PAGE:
Sometimes it’s hard to know when Tom Brokaw is actually gauche or playing gauche; actually ironic or ironizing his own irony.

On Meet the Press, Brokaw played a clip of McCain’s interview last week with the editorial board of the Des Moines Register, featuring a woman off-camera who notes that “fairly conservative Republicans have expressed doubts about Palin.”

“Really!” says McCain, voice dripping acid. “I hadn’t detected that. And I haven’t detected that in the polls, I haven’t detected that amongst the base. We get 20,000 people that come to our, our rallies. So, again, I fundamentally disagree. Now, if there’s a Georgetown cocktail party person who, quote, calls himself a ‘conservative’ and doesn’t like her, good luck. Good luck.”

To which Brokaw added: “Now, that’s the John McCain that we’ve all come to know over the years… [Guest Peggy Noonan interrupted: “God bless him”] … from time to time, and people have found it to be part of his charm.”

The sarcastic McCain whom “we’ve all come to know over the years” (the “all” is a particularly nice touch) is, according to Brokaw, “charming.” Or else Brokaw was being sardonic himself when he spoke of McCain’s nastiness as “charm.”

As usual the roundtable featured zero outspoken liberals to one outspoken conservative, Noonan, who started a bit euphemistically about McCain and needed an assist to get to the obvious: “there’s a sense of containment that you see with him more and more, where he is containing a certain amount of hmm, indignation, anger, …whatever it is, but he has to contain it.” In the absence of a liberal counterpart around the table, it fell to Gwen Ifill, herself a paragon of self-restraint during the Thursday night debate, to come back: “Not terribly well. I mean, sarcasm really is not containment.”

Brokaw devoted much of his show to the polls and other tactical horserace paraphernalia. But he invited Noonan to express her sober view that the campaign falls short of what the country deserves:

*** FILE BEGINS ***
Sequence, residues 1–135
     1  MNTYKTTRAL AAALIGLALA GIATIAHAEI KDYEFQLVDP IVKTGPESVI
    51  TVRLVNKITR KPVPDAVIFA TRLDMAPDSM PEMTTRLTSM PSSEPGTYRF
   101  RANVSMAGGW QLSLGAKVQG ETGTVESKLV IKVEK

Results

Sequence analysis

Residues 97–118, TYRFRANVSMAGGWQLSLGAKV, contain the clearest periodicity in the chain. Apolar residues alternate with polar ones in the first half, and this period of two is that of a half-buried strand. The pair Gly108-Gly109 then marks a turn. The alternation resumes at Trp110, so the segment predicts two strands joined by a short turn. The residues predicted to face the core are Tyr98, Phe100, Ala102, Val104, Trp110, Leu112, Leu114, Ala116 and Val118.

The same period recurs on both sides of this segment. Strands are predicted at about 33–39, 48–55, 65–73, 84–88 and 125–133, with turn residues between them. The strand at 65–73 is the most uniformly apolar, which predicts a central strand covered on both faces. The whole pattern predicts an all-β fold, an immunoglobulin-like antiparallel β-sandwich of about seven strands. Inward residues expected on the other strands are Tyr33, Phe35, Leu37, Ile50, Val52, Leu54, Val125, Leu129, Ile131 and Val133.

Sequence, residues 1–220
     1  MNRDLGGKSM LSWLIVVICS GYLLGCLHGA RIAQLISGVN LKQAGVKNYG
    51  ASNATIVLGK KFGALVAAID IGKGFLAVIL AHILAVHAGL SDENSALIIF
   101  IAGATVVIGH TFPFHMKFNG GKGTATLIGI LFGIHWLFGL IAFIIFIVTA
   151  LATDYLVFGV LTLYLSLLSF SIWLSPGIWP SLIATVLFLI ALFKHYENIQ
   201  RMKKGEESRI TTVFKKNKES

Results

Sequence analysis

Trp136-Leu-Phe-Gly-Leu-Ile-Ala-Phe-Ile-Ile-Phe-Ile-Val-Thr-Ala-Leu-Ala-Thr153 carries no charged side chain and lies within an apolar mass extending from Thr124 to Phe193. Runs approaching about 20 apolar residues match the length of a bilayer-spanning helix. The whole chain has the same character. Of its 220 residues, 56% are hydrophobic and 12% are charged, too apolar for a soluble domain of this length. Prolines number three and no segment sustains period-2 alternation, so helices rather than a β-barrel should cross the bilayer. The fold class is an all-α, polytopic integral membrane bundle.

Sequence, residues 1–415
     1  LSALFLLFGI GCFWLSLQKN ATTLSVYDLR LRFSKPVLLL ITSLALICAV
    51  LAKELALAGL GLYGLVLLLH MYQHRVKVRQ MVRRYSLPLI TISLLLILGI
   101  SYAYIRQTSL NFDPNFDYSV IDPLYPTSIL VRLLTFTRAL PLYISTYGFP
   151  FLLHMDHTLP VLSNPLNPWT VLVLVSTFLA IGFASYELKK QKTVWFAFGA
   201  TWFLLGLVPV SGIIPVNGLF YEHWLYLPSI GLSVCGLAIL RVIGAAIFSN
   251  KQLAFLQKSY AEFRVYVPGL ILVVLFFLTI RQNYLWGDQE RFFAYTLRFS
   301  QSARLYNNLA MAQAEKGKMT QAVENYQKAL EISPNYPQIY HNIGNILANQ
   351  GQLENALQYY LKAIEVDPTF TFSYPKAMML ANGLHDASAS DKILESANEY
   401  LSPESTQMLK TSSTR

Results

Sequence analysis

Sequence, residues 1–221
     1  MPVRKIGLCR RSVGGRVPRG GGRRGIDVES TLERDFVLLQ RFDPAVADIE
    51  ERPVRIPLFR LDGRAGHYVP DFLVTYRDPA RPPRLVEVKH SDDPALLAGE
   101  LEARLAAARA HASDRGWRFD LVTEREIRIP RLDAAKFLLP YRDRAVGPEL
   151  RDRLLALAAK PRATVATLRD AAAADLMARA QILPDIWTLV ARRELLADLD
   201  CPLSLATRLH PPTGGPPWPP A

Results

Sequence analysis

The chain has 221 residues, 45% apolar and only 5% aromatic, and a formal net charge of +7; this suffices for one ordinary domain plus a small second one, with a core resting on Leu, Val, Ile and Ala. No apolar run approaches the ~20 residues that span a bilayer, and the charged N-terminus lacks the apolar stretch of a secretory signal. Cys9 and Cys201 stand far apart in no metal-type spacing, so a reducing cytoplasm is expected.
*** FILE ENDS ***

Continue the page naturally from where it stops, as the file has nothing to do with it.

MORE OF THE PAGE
We are living in the age of the unknowable, of weapons of mass destruction, of crazy people who can get and harness these things and who can come and hurt us….When you keep your mind on that fact and that we may in our country face difficult days ahead, and even immediately ahead, when you keep your mind on that, you realize, whoa, this old partisan gamesmanship, this ‘tear out his throat,’ all of that stuff, it’s over, it’s yesterday. What we need now is grace. We need real patriotism, which patriotism isn’t used as a weapon in a campaign….We got to be our best selves right now….We got to be adults. I sometimes think one of the problems in America is there are too many people that don’t want to embrace the role of the simple grown-up and show the maturity and forbearance of a grown-up.

Presumably the candidate deficient in “maturity” and “forbearance” was the senator from Arizona.

But while paying tribute to an America made up of adults that is therefore due an adult debate, Brokaw passed up several chances to upgrade the discourse. Consider, for example, the moment when David Yepsen of the Des Moines Register said:

in rural America the Republican brand is not doing as well as it once was. McCain still leads…all across the country in rural parts, but it’s not by this margin that he needs—

Todd Gitlin , who teaches journalism at Columbia, is the author of a new book, Occupy Nation: The Roots, the Spirit, and the Promise of Occupy Wall Street.